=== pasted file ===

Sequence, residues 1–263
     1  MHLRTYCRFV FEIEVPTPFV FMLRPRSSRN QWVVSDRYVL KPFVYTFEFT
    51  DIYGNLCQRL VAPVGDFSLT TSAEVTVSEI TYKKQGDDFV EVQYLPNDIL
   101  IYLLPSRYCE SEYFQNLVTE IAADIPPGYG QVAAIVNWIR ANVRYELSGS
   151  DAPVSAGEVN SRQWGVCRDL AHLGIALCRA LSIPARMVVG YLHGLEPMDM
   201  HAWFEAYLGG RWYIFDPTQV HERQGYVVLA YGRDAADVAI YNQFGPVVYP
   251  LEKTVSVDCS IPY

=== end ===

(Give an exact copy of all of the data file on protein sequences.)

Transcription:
Sequence, residues 1–263
     1  MHLRTYCRFV FEIEVPTPFV FMLRPRSSRN QWVVSDRYVL KPFVYTFEFT
    51  DIYGNLCQRL VAPVGDFSLT TSAEVTVSEI TYKKQGDDFV EVQYLPNDIL
   101  IYLLPSRYCE SEYFQNLVTE IAADIPPGYG QVAAIVNWIR ANVRYELSGS
   151  DAPVSAGEVN SRQWGVCRDL AHLGIALCRA LSIPARMVVG YLHGLEPMDM
   201  HAWFEAYLGG RWYIFDPTQV HERQGYVVLA YGRDAADVAI YNQFGPVVYP
   251  LEKTVSVDCS IPY